V-shaped lesions on the edges of the leaves of mature plants are common and are characteristic for black rot. The base of the V will be along the vein.

    The veins will be discolored initially, and then they will turn brown or black – hence, the name black rot.

    The whole plant will die and can serve as a source of inoculum to infect other plants.

    How to Prevent Black Rot

    Since black rot spreads so easily once it has infested a field and is so difficult to control, preventing it from entering your crop is critical to managing this disease.

    They keys to growing turnips free from black rot are: planting clean seed or seedlngs, crop rotation, and reducing soil dampness. Photo via Shutterstock.

    This is more easily done if you live in an area such as upstate New York that has cold winters. If you live in an area with warm winters, you have a much higher risk of maintaining the pathogen in your soil.

    1. Plant Clean Seed

    Since the bacteria can survive in seed under the seed coat (which means that bleach treatment won’t kill them), planting with infected seeds is a common way that growers end up with a severe black rot infection.

    If you cannot find heat-treated turnip seeds, you can treat them yourself by soaking them for 15 minutes in water that is 122 F. The Ohio State University provides detailed instructions on how to do this.

    2. Rotate with Non-Crucifers

    Since the pathogen that causes black rot can survive on wild or cultivated crucifers and in the soil, grow a non-cruciferous crop on the land you used for your turnips for four years. This will cleanse the soil.

    3. Use Clean Transplants

    If you grow your own transplants, sterilize your greenhouse! Disinfect your benches and tools. If you reuse your flats, disinfect them, too. If you use compost, make sure that you didn’t use any diseased plants when you created it.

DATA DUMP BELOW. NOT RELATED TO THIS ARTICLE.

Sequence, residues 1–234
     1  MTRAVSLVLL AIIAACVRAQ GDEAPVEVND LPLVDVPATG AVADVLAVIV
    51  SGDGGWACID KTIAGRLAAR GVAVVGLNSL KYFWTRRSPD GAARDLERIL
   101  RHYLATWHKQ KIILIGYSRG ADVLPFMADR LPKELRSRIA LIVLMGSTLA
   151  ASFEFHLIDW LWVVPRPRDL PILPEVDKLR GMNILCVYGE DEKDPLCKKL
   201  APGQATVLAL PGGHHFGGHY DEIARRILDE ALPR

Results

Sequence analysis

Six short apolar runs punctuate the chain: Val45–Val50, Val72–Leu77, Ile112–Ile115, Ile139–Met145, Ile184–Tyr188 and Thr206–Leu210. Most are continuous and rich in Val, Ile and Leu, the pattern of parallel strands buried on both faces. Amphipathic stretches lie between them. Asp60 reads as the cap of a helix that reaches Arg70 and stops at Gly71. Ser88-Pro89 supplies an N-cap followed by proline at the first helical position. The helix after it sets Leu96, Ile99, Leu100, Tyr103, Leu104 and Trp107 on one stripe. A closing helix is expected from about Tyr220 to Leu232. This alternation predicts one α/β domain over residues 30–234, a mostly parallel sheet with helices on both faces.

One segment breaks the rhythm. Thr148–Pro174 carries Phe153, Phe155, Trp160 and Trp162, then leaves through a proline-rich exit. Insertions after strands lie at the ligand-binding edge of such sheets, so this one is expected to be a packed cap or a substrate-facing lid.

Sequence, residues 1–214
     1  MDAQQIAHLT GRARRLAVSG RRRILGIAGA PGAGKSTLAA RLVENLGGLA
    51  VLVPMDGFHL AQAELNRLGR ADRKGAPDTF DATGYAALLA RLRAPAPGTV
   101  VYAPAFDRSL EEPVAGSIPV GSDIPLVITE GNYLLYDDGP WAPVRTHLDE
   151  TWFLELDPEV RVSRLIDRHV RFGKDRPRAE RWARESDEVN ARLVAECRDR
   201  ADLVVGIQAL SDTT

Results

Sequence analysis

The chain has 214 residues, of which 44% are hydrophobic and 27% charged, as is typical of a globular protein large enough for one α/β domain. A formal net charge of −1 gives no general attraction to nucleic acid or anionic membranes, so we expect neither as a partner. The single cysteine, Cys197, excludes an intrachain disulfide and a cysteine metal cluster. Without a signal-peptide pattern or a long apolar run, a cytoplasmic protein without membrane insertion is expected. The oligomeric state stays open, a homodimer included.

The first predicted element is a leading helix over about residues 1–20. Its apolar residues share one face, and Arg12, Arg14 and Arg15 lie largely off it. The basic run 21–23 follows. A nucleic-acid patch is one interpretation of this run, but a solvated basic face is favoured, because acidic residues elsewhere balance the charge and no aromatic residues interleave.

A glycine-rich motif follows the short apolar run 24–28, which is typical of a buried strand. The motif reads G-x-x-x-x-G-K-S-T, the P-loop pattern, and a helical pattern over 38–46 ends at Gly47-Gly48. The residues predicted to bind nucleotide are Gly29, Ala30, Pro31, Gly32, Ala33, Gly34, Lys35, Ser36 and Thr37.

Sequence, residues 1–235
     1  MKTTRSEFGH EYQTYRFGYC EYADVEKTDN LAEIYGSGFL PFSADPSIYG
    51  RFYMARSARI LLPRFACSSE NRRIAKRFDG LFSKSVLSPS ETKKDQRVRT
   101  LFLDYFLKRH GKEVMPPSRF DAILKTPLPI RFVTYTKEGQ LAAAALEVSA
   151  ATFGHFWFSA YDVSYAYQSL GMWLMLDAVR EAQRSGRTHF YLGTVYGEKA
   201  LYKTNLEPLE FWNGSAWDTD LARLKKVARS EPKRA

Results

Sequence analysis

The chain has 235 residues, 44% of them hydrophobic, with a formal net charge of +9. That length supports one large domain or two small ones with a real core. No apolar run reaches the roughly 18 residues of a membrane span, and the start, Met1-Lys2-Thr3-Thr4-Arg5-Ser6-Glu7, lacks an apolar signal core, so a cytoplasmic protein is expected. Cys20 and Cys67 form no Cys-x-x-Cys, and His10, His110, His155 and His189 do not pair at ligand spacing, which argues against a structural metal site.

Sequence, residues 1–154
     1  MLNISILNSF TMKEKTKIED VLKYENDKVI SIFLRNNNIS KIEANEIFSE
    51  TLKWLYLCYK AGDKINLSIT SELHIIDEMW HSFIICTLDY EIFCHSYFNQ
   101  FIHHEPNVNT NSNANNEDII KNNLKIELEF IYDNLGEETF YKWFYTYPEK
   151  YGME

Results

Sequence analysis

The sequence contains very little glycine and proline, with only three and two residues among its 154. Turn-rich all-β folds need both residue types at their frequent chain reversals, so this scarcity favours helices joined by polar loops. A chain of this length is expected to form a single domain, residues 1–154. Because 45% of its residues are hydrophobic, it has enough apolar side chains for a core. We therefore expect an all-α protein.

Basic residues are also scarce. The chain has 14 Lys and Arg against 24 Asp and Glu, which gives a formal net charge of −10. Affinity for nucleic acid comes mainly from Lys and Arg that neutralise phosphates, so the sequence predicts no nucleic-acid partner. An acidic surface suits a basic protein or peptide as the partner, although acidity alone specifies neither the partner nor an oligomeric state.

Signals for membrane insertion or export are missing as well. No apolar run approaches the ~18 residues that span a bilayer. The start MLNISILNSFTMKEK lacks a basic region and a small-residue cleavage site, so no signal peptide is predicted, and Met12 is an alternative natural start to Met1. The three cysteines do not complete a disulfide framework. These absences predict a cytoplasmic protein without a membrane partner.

Keep the leaves of your seedlings as dry as you can, and do not trim or brush wet plants.

    4. Reduce Wetness During the Growing Season

    Water your plants in the morning, so that the leaves will dry while it is still light. Increase the spacing among them, and orient your rows with the prevailing winds.

    Avoid sprinkler irrigation systems, since they can cause water to splash – a common way of spreading black rot.

    Treating Infected Crops

    If your plants do have this infection, you can try to prevent it from spreading to all of your plants by using a compound that kills bacteria.

    Spray 0.5 to 7.5 pounds of copper hydroxide per acre, such as the product Kocide 3000.

    Consider adding Actigard (acibenzolar-S-methyl) to the copper. This compound stimulates the plant’s immune system and can help to prevent uninfected plants from contracting the disease.

    Prevention is the Best Control

    Since black rot is such a devastating disease and can take hold without showing symptoms for up to two weeks, preventing it from becoming established is your best bet to manage this disease.

    Planting clean seed is of paramount importance and keeping your plants as dry as possible and free of weeds will help to prevent black rot from becoming established in your turnip plants.

    If they do get infected, you can spray a bactericidal compound like copper to prevent it from spreading further.

    You should also rotate with a non-cruciferous crop for four years to prevent the disease from returning to threaten your turnips.

    Have you encountered black rot in your turnips? If so, let us know how you fared in the comments.

    And read on for more information on other turnip diseases such as:

    © Ask the Experts, LLC. ALL RIGHTS RESERVED. See our TOS for more details.

    The post How to Identify and Control Turnip Black Rot appeared first on Gardener's Path.

  • Garden Tour: Undulating Steel Privacy Screen Allows for an Artful Escape
    17 August 2019

    I hope you enjoy this video walk-through of a client's garden in Vancouver, Washington. In addition to colorful perennials and a select assortment of carefully-chosen shrubs, the garden features a custom designed and professionally installed privacy screen made of steel slats of varying heights laid out in a graceful undulating curve between basalt columns.

    We collaborated with D & J Landscape Contractors on the installation.


    You can learn more about the plants we used in creating this garden here on eGardenGo. Links to just about all of the plants that you'll see on the video can be found on the list below.

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  • Neomarica: The South America’s Walking Apostle Plant Iris
    17 August 2019

    Very often, the common names of plants are used to express action. For example, there is creeping gloxinia, trailing coleus, Johnny-jump-ups, bouncing Bet, wandering Jew, squirting cucumber, and walking iris – often referred to as the apostle iris or apostle plant. The name “apostle plant” was derived from the number of leaves in a fan, […]